"An introduction to the Lie theory of one-parameter groups with applications to the solution of differential equations" by Abraham Cohen, 1911
    "An elementary treatise on differential equations" by Abraham Cohen, 1906

    I know some of them have a considerable age however don't underestimate the level...:smile:

    best regards,

    Coomast
     
  7. Mar 21, 2009 #6
    Thank you.

    I will see how can I solve that Ricatti equation. It seems to be nonlinear.
    Even if q(u)=0, I will have to solve: [tex]\frac{dv}{du}+v^2=0[/tex] which does not seem so simple while if I make q(x)=0 in the original equation I get the trivial eq. [tex]y''(x)=0[/tex]
     
  8. Mar 22, 2009 #7
    Hello simplex,

    If [tex]q(u)=0[/itex], you have an ODE which can be solved by separation of the variables as:
    [tex]\frac{dv}{v^2}=-du[/tex]
    from which:
    [tex]-\frac{1}{v}=-u-A[/tex]
    or:
    [tex]v=\frac{1}{u+A}[/tex]
    Changing back to the original variables:
    [tex]\frac{y'}{y}=\frac{1}{x+A}[/tex]
    which has as solution:
    [tex]ln(y)=ln(x+A)+ln(B)[/tex]
    or:
    [tex]y=C_1x+C_2[/tex]
    Now this is the same solution as the one you get from integrating [itex]y''(x)=0[/itex]. Hope this helps.

    coomast
     
  9. Mar 22, 2009 #8
    OK.

    If q(x)=sin(x), can you solve the equation?
     
  10. Mar 28, 2009 #9
    Hello simplex,

    By setting q(x)=sin(x) the equation becomes very difficult. I tried finding a solution for a few hours, but to no good, I keep on getting after some transformations the original equation, which is nothing more than running around in circles :-( However I did find some info in a book and this gives directly a view on the fact that it is a difficult equation. I'm not going to type everything over from the book, but will give you a few pictures on how to solve it. The equation was:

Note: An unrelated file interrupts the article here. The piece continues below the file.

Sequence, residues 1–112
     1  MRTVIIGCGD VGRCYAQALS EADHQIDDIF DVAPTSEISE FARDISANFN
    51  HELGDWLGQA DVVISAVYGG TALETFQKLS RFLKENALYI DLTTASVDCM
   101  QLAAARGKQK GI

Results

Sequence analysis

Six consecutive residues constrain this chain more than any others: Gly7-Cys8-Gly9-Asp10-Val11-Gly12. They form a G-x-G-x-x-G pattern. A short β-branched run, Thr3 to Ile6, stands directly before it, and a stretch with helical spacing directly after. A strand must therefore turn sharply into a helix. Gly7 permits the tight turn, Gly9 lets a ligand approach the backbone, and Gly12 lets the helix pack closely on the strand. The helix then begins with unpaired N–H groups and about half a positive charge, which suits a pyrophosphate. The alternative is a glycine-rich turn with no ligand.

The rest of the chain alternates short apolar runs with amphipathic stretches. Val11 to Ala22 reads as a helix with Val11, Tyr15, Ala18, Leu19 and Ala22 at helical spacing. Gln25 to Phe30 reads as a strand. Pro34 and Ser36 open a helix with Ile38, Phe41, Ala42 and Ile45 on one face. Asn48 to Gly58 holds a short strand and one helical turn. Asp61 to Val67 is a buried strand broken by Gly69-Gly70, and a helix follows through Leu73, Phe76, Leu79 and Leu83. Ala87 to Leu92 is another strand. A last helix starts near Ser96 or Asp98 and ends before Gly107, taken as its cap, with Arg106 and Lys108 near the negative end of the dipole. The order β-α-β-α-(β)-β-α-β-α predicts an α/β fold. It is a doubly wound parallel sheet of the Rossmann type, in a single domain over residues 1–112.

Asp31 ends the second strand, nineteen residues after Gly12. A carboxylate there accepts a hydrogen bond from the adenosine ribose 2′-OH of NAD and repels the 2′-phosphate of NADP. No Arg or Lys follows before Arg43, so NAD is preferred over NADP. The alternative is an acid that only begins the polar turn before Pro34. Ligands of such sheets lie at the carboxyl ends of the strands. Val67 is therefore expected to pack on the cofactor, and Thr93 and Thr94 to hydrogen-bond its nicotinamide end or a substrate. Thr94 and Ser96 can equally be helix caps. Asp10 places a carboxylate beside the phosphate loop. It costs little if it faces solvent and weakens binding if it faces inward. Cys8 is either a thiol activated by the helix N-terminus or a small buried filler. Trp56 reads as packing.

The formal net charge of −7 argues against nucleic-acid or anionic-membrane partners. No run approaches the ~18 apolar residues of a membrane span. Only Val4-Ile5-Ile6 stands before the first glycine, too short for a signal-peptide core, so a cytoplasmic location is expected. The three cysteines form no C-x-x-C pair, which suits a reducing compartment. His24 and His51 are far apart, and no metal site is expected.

[tex]\frac{d^2y}{dx^2}-sin(x)\cdot y=0[/tex]

    First step, transform the variables as:

    [tex]u=x[/tex]
    [tex]v=\frac{y'}{y}[/tex]
    [tex]\frac{dv}{du}=\frac{y''}{y}-\left(\frac{y'}{y}\right)^2[/tex]

    This gives:

    [tex]\frac{dv}{du}=-v^2+sin(u)[/tex]

    Looking at eq_1.png you see that it is that equation with:

    [tex]\alpha=-1[/tex]
    [tex]\beta=0[/tex]
    [tex]\gamma=1[/tex]
    [tex]\lambda=1[/tex]

    Applying the transformation as in eq_1.png gives:

    [tex]\frac{dv}{dt}=-v^2+cos(t)[/tex]

    This equation is given in figure eq_2.png. Applying the transformation given there:

    [tex]\frac{d^2z}{dt^2}-4cos(2t)\cdot z=0[/tex]

    This is the equation given in figure eq_3.png. The solution is further described in this picture. As you can see, not easy. I don't know much about Mathieu functions and can't help you on this. Hope that this brings you a step further.

    best regards,

    coomast
     

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  11. Mar 29, 2009 #10
    Thank you for your help.
    It seems that the equation can be solved using the method of Mathieu and there is no simple solution.